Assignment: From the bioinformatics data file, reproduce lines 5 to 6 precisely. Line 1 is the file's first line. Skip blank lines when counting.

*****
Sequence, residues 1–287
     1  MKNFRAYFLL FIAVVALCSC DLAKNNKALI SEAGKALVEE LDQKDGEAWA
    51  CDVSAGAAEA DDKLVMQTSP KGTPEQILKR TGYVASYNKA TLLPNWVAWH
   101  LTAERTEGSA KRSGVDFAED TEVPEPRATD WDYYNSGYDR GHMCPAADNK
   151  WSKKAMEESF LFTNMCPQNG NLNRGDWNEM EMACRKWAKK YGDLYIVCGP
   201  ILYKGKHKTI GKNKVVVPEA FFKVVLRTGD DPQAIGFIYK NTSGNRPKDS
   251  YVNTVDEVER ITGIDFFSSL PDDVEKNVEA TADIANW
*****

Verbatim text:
   151  WSKKAMEESF LFTNMCPQNG NLNRGDWNEM EMACRKWAKK YGDLYIVCGP
   201  ILYKGKHKTI GKNKVVVPEA FFKVVLRTGD DPQAIGFIYK NTSGNRPKDS